EARTH FIRST: Wollar three facing jail for Wilpinjong Coal Mine protest

CAMPAIGN: Ten years ago the Wilpinjong Coal Mine, owned by Peabody Coal USA, began operating in the Wollar district. Photo: CONTRIBUTED

CAMPAIGN: Ten years ago the Wilpinjong Coal Mine, owned by Peabody Coal USA, began operating in the Wollar district. Photo: CONTRIBUTED

Ten years ago the Wilpinjong Coal Mine, owned by Peabody Coal USA began operating in the Wollar district, near Mudgee. During this time the Wollar community has almost been destroyed through the toxic environment created by the mine operations and by the purchase of  local properties by Peabody. People have moved away, and with them the services they provided.

The final straw has been the successful application by Peabody Energy for a mine extension, which will enable expansion to within one and a half kilometres of the town.

The remaining residents are concerned about the impact this extension will have on their health and that of the environment. The few remaining private landowners will be left with worthless land, with no compensation offered by the state or the mine.

The residents have spent 10 years fighting. As a last resort, to draw attention to their situation, 25 members of the Wollar Progress Association and supporters staged a peaceful protest at the mine entrance.

The police intervened, resulting in the arrest of three of the protestors, Bev. Smiles, Bruce Hughes and Stephanie Luke.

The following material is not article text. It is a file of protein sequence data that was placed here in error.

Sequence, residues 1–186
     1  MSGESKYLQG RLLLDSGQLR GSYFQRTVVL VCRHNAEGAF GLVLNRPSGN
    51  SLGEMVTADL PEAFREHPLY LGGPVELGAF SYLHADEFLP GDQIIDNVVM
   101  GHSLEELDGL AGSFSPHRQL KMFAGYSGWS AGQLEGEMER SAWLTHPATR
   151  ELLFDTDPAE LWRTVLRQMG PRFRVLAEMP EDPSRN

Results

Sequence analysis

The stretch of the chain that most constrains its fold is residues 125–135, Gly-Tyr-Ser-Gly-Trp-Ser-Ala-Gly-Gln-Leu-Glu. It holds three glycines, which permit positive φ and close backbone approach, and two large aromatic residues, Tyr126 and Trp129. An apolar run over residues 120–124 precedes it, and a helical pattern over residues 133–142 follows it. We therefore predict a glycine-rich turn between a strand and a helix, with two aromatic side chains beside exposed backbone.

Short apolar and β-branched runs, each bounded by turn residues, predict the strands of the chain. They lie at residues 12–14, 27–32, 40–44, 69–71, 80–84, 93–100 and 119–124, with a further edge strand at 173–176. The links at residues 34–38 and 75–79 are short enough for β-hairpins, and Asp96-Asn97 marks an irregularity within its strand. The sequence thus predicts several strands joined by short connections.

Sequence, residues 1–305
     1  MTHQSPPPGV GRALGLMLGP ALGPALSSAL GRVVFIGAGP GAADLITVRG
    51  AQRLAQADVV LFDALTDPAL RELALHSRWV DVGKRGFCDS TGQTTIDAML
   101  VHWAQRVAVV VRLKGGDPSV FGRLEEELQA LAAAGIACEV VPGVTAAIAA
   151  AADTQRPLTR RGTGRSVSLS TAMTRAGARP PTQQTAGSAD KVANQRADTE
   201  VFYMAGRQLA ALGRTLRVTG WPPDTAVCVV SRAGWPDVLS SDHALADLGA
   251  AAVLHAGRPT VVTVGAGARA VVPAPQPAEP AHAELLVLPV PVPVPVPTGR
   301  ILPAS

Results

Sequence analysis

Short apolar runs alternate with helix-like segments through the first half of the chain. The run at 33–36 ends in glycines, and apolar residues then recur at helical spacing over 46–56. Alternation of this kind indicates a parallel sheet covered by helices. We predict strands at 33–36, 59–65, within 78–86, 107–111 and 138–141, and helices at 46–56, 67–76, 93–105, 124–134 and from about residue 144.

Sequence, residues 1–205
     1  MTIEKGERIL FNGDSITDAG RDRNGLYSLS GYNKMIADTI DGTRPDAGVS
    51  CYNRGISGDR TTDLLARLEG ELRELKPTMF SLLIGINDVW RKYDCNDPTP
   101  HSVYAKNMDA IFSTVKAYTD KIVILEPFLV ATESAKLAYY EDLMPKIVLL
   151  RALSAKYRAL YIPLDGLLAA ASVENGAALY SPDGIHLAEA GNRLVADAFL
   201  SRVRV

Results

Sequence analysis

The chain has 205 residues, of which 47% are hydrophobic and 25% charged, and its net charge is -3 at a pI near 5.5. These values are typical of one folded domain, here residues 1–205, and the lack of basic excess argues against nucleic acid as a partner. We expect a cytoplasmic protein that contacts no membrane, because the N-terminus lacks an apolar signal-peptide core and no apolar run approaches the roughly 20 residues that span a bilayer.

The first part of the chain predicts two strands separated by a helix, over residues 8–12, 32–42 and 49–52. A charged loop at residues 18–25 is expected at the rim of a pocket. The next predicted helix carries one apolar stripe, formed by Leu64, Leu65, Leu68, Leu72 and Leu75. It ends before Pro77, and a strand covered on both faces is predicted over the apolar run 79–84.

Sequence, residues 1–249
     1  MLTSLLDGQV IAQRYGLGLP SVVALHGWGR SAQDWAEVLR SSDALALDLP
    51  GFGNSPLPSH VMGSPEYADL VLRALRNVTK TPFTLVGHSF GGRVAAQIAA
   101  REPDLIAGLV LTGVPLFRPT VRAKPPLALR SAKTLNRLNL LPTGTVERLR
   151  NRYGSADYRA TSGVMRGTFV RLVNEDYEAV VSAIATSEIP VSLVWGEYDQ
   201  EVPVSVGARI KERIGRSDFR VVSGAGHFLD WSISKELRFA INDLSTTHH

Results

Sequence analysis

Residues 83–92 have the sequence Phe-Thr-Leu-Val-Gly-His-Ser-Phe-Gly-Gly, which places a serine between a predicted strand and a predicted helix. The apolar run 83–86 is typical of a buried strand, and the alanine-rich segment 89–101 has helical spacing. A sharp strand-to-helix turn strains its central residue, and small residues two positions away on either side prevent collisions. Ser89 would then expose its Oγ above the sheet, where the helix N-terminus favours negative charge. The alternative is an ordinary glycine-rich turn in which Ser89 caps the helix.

The three protestors will be the first to face court charged under the new anti-protest laws legislated  by the NSW Parliament in November 2016. If convicted, the ‘Wollar Three’, so dubbed by some media sources, could face a maximum penalty of seven years jail.

These people are not criminals. They are law-abiding citizens who were using peaceful protest as a last resort to protect their community.

Bev Smiles says: “we have reached a crisis point when the vested interests of mining companies are so favoured over communities that the state government not only removes our right to appeal unfair planning decisions but now threatens us with new draconian laws designed to prevent peaceful protest.”

The fate of the ‘Wollar Three’ will be determined on June 21 at the Mudgee courthouse. This is a test case, the result of which will set a precedent for future protests.

Some may argue that protest stands in the way of progress.

We must ask ourselves whether we should have progress in exchange for the destruction of our environment, community and basic democratic rights.

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